Alicante on the Blockchain
January marked the twentieth anniversary of the start of the development of what is considered the largest reference work on the Internet. Hands up anyone who has not consulted Wikipedia at least once!
According to data provided by this online encyclopedia, this project, carried out collaboratively, has managed to involve millions of people over the years. Volunteers who have shared knowledge in its more than fifty-six million articles, in 321 languages.
And what need was there for an encyclopedia when there were already websites specializing in all kinds of subjects? The fact that everyone had the opportunity to share content and participate in its editing. Could this content be deleted or censored? Yes, of course.
Only that content that is on the blockchain will remain immutable to the changing of opinion of a foundation, organization or other form of centralized control. If you need an example just look at the controversy about our right to information and the disappearance of news related to current affairs.
There is a tool that I have already told you about in this corner, DARA, with which you can upload/share/save on the blockchain any content from Wikipedia, Twitter, Facebook or a blog is very simple. Once it is done, even Facebook, for example, could not delete the saved post on the blockchain — artistic nudes are in for a treat. Congratulations!
Coinciding in time, in the same week that Mark Zuckerberg announces that “soon” Instagram will integrate NFTs, in what in my view is nothing more than the umpteenth announcement in a quest to make headlines and show that his companies are not lagging behind, Felix has been born. The first dictionary on the blockchain: one word, one NFT. By going to saveaword.com you can consult it, although for the moment it is only in English, other languages will soon be included.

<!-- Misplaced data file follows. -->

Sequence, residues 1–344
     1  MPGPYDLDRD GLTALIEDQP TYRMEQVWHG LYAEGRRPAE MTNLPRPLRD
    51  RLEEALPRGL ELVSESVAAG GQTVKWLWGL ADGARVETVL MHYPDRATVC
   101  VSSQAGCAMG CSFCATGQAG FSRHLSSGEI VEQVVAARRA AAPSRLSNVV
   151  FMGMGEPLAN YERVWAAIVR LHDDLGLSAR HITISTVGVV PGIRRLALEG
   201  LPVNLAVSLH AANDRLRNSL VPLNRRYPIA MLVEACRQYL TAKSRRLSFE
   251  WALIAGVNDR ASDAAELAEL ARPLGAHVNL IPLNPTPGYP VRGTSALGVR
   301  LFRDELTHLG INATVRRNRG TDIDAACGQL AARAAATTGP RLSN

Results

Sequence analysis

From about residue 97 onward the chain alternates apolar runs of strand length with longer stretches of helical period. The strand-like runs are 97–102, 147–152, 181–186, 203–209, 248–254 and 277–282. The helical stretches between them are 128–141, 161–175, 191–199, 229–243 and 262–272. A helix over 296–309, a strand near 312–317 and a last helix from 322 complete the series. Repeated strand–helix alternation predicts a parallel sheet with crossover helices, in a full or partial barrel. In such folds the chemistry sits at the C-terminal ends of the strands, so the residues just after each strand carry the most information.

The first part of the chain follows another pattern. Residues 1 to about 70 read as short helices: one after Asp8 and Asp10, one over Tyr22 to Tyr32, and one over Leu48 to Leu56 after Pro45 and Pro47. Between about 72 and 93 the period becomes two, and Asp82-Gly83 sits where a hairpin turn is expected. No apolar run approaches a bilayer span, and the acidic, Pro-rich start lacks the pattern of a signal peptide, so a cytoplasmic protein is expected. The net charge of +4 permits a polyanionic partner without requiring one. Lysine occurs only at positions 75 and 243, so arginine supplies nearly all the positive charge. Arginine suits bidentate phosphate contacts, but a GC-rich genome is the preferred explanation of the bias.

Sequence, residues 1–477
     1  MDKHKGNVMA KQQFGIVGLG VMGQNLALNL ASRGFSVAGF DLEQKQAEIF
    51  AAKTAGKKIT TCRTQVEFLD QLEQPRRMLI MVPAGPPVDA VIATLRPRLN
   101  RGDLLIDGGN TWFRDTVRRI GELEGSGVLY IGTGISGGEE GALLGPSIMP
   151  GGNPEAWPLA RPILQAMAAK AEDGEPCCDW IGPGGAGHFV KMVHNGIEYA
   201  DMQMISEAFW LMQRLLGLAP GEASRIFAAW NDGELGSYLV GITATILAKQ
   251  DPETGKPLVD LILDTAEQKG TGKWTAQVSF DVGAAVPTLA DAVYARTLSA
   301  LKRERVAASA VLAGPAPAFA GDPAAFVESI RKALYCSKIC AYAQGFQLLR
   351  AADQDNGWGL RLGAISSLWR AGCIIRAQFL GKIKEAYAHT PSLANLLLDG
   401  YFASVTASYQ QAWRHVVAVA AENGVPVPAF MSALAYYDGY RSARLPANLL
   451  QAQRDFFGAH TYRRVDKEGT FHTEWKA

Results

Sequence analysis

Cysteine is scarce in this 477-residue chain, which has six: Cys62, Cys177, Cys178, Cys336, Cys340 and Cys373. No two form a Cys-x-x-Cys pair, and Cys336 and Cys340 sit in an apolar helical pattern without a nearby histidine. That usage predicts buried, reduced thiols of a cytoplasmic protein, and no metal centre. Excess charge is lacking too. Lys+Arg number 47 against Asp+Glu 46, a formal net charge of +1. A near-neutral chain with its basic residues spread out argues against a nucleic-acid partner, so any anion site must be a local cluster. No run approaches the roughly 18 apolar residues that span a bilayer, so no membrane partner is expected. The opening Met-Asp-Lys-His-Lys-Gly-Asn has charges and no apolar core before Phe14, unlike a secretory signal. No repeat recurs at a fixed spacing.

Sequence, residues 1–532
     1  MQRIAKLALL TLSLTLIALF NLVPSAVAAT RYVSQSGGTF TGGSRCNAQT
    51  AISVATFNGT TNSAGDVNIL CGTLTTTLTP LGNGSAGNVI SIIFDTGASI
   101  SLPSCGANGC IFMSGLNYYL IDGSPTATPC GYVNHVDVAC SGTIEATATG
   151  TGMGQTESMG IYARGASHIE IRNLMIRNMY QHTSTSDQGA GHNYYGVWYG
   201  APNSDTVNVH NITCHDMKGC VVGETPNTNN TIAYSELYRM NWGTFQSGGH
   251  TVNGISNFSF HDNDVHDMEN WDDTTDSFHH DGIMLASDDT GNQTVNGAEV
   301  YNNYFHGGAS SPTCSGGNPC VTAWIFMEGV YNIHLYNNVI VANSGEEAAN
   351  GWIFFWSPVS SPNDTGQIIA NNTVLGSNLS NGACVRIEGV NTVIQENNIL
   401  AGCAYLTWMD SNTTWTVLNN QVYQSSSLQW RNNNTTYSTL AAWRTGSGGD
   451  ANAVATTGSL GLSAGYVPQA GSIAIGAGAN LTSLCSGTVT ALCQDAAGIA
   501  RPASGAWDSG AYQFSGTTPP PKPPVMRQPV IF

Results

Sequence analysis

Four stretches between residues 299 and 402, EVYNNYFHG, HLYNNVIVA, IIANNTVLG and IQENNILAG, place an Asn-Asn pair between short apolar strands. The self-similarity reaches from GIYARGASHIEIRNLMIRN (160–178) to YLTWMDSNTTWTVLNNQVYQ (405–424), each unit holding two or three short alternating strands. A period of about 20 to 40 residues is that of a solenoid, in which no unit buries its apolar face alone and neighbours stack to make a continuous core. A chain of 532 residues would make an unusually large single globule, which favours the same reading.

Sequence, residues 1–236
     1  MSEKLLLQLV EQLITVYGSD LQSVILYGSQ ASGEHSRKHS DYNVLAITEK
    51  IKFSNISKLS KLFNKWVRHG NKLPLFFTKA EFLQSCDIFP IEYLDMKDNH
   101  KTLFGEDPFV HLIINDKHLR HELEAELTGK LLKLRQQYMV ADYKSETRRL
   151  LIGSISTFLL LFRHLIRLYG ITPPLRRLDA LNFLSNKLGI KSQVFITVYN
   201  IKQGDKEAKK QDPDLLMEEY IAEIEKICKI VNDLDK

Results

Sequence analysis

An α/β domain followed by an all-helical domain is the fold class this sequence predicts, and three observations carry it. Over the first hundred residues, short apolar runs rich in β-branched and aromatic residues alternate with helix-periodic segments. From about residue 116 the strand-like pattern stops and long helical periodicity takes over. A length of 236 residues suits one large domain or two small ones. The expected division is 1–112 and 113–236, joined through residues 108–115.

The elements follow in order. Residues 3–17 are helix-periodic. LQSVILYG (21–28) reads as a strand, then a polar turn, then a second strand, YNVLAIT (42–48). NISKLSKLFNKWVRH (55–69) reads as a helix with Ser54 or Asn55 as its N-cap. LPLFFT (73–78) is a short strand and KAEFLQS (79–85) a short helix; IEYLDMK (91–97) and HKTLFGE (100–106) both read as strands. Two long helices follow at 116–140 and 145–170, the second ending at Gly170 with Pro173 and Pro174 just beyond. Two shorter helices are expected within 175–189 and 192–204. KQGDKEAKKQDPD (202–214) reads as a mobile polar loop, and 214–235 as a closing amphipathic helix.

I have made reference to Wikipedia’s twenty years with every intention of putting in perspective the effort, the mobilization that has been necessary for us to be able to count on the free encyclopedia today, and the task that lies ahead.
Felix was born last week with a first objective: to upload to the blockchain the words that currently make up Wiktionary. The same foundation behind Wikipedia is also behind Wiktionary- Wiktionario in Spanish-, a web-based dictionary that started in 2002, but which depends on a centralized system, a foundation, and now thanks to Felix, words are part of a decentralized system from which they will not disappear, but they will be updated and will be accompanied by different designs.
This image you see is the NFT of the word Alicante that GiC Art has minified — converted into a digital file on the blockchain in its basic form. All of the thousands of words that have already been minted on Felix have their corresponding NFTs and they all look the same.
Now comes the second, more artistic part, the part that can make Felix an art gallery. Leave the Alicante definition permanently visible to the world in such an “unluminous” way doesn’t make much sense. Poor publicity we would be doing to Lucentum* in this case.
What would be a better way to advertise Lucentum? It could be a photograph, a computer-designed image, a painting or any other artistically elaborated image. It could be and it will be, because as guardians of the NFT of Alicante we are going to make sure that the image of our city is not undermined.
I finish by congratulating Pepe the Frog, an important figure in the world of crypto, of the NFTs and of which I will speak to you on another occasion because today I have run out of paper.
Nuria Menargues (GiC Art)
About The Immutable Network
The Immutable Network was founded in May 2021 by a cryptocurrency columnist who published on the now defunct thedailychain.com news site. Rather than republishing his work conventionally, he founded The Immutable in an attempt to provide simple and easily accessible products for mass preservation of documents, by properly packaging cutting-edge technology for mass adoption.